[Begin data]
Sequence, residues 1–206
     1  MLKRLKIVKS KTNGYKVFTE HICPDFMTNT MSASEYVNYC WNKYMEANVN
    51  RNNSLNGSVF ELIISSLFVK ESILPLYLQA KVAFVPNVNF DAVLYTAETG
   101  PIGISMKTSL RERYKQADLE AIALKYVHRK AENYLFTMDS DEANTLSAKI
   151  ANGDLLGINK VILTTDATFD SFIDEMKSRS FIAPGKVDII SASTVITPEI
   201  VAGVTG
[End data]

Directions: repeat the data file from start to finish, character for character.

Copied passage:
Sequence, residues 1–206
     1  MLKRLKIVKS KTNGYKVFTE HICPDFMTNT MSASEYVNYC WNKYMEANVN
    51  RNNSLNGSVF ELIISSLFVK ESILPLYLQA KVAFVPNVNF DAVLYTAETG
   101  PIGISMKTSL RERYKQADLE AIALKYVHRK AENYLFTMDS DEANTLSAKI
   151  ANGDLLGINK VILTTDATFD SFIDEMKSRS FIAPGKVDII SASTVITPEI
   201  VAGVTG